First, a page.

Discussions Continue On U.S. Military 'Footprint' in Europe
By Gerry J. Gilmore
American Forces Press Service
WASHINGTON, July 23, 2004 The United States is getting closer in deciding how it will rearrange its troop presence, or "footprint," in Europe, a senior U.S. military officer said here today.
"Now, the question will be how do you take the next step and actually do formal consultations," Air Force Gen. Charles F. Wald, deputy commander of U.S. European Command, told reporters at a foreign policy symposium held in the Dirksen Senate Office Building on Capitol Hill.
In the changed geopolitical environment since the end of the Cold War and the 9/11 terrorist attacks on America, Wald explained, it's time to relook how and where U.S. troops are stationed overseas.
Press reports have speculated that some of today's permanent U.S. troop presence in Germany, for example, could shift eastward to temporary bases in places like Bulgaria, while others are redeployed stateside or to other places where needed.
About 84 percent of the 120,000 U.S. troops now in Europe, Wald pointed out, are stationed in Germany.
The U.S. has already held private consultations with its allies on issues related to potential movement of American troops, Wald said.
Senior Defense Department leaders, in conjunction with the National Security Council and other government agencies, Wald noted, are now discussing "the best way that they would recommend to the president of how they should move forward with this."
Wald said he thinks "it won't be too long" before the plans are finalized and announced.
Any redeployment of U.S. troops from Western Europe shouldn't bother the Russians, Wald said, noting he considers the Russians a "strategic partner for us -- particularly militarily."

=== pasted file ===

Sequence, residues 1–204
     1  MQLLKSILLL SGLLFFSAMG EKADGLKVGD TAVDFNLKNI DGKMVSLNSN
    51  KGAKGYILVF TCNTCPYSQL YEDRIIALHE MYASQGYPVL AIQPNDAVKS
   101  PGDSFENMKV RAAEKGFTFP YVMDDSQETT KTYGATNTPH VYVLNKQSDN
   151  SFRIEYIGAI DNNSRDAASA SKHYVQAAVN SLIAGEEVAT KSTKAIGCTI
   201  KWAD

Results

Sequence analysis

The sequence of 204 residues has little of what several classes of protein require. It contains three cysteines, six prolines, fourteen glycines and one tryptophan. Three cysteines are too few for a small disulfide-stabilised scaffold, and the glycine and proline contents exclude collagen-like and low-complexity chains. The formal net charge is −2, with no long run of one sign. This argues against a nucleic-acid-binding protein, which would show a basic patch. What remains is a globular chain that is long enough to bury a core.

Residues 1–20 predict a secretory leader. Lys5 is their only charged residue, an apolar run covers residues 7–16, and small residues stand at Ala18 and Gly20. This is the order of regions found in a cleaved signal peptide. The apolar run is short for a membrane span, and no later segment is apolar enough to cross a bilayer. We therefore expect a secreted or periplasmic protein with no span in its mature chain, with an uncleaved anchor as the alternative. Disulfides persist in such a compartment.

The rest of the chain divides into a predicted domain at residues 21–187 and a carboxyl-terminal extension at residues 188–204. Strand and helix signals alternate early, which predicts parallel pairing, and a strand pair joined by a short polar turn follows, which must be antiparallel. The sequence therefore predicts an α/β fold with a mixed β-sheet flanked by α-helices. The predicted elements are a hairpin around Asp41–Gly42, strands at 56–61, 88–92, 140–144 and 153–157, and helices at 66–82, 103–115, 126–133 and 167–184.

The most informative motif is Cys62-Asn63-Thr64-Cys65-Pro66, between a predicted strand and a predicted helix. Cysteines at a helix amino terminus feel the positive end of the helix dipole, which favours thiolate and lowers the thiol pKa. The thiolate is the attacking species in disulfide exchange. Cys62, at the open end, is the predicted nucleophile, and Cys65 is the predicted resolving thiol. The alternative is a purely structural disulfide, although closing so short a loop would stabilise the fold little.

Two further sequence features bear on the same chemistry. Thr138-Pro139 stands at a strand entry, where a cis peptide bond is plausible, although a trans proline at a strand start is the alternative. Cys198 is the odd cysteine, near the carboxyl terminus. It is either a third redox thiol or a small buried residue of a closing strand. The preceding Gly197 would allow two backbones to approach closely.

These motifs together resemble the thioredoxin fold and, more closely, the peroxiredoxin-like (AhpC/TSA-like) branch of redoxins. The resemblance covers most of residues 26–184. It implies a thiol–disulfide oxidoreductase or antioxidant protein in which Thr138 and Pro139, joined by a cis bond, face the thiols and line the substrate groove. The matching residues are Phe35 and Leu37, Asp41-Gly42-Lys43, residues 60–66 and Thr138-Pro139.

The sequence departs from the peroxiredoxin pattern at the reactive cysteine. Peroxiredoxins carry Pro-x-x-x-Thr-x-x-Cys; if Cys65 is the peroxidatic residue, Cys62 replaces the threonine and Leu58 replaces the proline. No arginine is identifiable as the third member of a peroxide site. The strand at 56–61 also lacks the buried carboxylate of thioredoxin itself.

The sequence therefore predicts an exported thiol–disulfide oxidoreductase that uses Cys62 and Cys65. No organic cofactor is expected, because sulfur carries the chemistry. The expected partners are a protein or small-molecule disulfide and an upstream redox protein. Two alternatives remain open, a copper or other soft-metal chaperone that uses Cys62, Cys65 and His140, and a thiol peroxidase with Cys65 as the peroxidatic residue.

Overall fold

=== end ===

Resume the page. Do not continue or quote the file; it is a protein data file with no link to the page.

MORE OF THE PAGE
The American military, Wald explained, wants closer relations with the Russian military "as part of an open partnership."
Wald also pointed to good U.S. military-to-military relations with the Ukraine, which now has more than 1,500 troops in Iraq. That, he noted, makes the Ukraine the largest non-NATO contributor to Operation Iraqi Freedom.
Pointing to future challenges in EUCOM's area of operations, Wald noted the Black Sea region that borders the Ukraine, Russia, Romania, Bulgaria, Turkey and the South Caucasus that encompasses Georgia, Azerbaijan and Armenia are now recognized as a new geo-political hot spot, thanks to the region's hydrocarbon resources on the Caspian Sea and potential for terrorism and drug and weapons trafficking.
Regarding U.S. military presence in the South Caucasus region, Wald noted, "we don't intend to make a permanent base there, not whatsoever." Rather, the general envisions a "strategic (military) partnership" with South Caucasus countries. "We intend to train with those folks," he noted.
South Caucasus countries are active in helping the U.S. and its other allies fight terrorism, Wald noted. Georgia now has 162 troops in Iraq, while Azerbaijan has contributed 150. Armenia has pledged to send 57 de-miners, truckers and doctors to Iraq. And Moldova currently has 12 de-mining specialists awaiting airlift to Iraq.
Al Qaeda and other terrorists on the run from former havens in Afghanistan, Wald pointed out, could also consider a move to the huge African continent, which also falls under EUCOM's area of responsibility.
He said he's also concerned about the African HIV/AIDS crisis that's threatening the continent's political and social stability and economic future. The potential unraveling of Africa's social fabric caused by HIV/AIDS, he pointed out, could entice terrorists to take up residence there.
However, the United States military and its allies, Wald asserted, are now "making it very difficult" for al Qaeda and its imitators "to go anyplace and stay for any length of time."
And making al Qaeda and other terrorists uncomfortable and unwelcome "is what our job is," Wald concluded.